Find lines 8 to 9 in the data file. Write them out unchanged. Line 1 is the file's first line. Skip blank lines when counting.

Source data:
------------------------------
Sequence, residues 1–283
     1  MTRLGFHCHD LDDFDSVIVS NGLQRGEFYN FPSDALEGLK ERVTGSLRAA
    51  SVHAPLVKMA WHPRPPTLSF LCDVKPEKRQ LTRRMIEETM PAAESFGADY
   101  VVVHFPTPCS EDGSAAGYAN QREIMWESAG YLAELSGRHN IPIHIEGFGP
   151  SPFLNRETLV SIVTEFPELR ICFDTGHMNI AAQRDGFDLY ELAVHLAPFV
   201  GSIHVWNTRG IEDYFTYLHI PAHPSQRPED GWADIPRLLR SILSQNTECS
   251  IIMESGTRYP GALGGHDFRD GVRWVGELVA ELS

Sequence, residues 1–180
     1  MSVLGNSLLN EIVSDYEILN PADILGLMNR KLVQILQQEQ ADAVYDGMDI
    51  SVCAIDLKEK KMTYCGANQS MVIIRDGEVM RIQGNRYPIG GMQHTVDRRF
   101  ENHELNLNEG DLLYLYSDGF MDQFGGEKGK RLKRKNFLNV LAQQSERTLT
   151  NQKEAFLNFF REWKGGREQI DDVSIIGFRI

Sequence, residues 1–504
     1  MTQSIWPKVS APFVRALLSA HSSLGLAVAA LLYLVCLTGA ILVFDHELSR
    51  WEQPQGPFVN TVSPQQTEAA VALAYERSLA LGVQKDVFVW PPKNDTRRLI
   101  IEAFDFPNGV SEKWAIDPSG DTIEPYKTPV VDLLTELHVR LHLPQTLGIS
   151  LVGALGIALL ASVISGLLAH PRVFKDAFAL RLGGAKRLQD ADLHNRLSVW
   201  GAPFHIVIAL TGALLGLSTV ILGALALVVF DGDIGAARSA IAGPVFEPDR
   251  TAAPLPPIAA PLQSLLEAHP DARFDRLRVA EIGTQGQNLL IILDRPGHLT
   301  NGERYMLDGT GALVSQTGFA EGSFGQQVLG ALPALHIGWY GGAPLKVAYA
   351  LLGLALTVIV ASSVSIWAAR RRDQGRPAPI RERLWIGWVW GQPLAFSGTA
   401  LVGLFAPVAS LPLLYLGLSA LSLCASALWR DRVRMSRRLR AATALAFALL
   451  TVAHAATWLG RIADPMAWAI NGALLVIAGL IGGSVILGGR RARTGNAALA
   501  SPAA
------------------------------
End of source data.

Sequence, residues 1–180
     1  MSVLGNSLLN EIVSDYEILN PADILGLMNR KLVQILQQEQ ADAVYDGMDI